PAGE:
Background & Aims: Celiac disease is an autoimmune disorder induced by ingestion of gluten that affects 1% of the population and is characterized by gastrointestinal symptoms, weight loss, and anemia. We evaluated the presence of neurologic deficits and investigated whether the presence of antibodies to Transglutaminase 6 (TG6) increases the risk of neurologic defects in patients with a new diagnosis of celiac disease.

Methods: We performed a prospective cohort study at a secondary-care gastroenterology center of 100 consecutive patients who received a new diagnosis of celiac disease based on gastroscopy and duodenal biopsy. We collected data on neurologic history, and patients were evaluated in a clinical examination along with magnetic resonance imaging of the brain, magnetic resonance (MR) spectroscopy of the cerebellum, and measurements of antibodies against TG6 in serum samples. The first 52 patients recruited underwent repeat MR spectroscopy at 1 year after a gluten-free diet (GFD). The primary aim was to establish if detection of antibodies against TG6 can be used to identify patients with celiac disease and neurologic dysfunction.

Results: Gait instability was reported in 24% of the patients, persisting sensory symptoms in 12%, and frequent headaches in 42%. Gait ataxia was found in 29% of patients, nystagmus in 11%, and distal sensory loss in 10%. Sixty percent of patients had abnormal results from magnetic resonance imaging, 47% had abnormal results from MR spectroscopy of the cerebellum, and 25% had brain white matter lesions beyond that expected for their age group. Antibodies against TG6 were detected in serum samples from 40% of patients-these patients had significant atrophy of subcortical brain regions compared with patients without TG6 autoantibodies. In patients with abnormal results from MR spectroscopy of the cerebellum, those on the GFD had improvements detected in the repeat MR spectroscopy 1 year later.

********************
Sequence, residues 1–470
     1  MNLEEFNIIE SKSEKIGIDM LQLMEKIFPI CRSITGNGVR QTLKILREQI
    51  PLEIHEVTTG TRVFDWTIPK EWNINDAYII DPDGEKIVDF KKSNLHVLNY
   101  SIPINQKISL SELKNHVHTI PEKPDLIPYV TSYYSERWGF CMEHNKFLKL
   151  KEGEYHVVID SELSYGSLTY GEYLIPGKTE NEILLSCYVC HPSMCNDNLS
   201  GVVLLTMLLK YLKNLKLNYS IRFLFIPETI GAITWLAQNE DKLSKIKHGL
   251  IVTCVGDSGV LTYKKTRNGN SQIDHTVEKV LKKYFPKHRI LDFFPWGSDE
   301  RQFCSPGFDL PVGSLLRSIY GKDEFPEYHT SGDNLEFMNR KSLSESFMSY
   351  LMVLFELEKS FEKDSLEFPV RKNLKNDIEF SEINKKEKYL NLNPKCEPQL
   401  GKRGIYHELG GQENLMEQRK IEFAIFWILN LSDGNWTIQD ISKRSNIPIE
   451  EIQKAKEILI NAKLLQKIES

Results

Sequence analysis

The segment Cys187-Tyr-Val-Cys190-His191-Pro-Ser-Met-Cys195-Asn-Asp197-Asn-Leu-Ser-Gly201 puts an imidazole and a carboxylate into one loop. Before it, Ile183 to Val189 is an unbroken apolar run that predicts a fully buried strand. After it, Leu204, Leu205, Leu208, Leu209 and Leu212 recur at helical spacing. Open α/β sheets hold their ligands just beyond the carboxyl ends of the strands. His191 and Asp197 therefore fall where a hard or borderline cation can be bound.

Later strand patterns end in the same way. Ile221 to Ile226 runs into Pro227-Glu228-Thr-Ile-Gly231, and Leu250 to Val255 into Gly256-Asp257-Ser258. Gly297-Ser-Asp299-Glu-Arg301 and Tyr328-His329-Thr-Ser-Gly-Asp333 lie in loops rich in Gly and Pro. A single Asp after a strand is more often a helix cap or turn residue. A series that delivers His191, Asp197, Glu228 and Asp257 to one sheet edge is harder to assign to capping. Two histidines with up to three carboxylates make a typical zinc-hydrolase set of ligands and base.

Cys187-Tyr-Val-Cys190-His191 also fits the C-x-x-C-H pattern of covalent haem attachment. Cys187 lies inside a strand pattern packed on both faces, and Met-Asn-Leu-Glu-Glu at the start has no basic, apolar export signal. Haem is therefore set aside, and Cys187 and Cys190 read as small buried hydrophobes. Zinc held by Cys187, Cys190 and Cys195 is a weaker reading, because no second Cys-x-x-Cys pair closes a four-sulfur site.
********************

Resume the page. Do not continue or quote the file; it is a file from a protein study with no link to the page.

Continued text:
Conclusions: In a prospective cohort study of patients with a new diagnosis of celiac disease at a gastroenterology clinic, neurologic deficits were common and 40% had circulating antibodies against TG6. We observed a significant reduction in volume of specific brain regions in patients with TG6 autoantibodies, providing evidence for a link between autoimmunity to TG6 and brain atrophy in patients with celiac disease. There is a need for early diagnosis, increased awareness of the neurologic manifestations among clinicians, and reinforcement of adherence to a strict GFD by patients to avoid permanent neurologic disability.
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http://dx.doi.org/10.1016/j.cgh.2019.03.014DOI Listing
December 2019

Big GABA II: Water-referenced edited MR spectroscopy at 25 research sites.

Neuroimage 2019 05 3;191:537-548. Epub 2019 Mar 3.

Russell H. Morgan Department of Radiology and Radiological Science, The Johns Hopkins University School of Medicine, Baltimore, MD, USA; F. M. Kirby Research Center for Functional Brain Imaging, Kennedy Krieger Institute, Baltimore, MD, USA.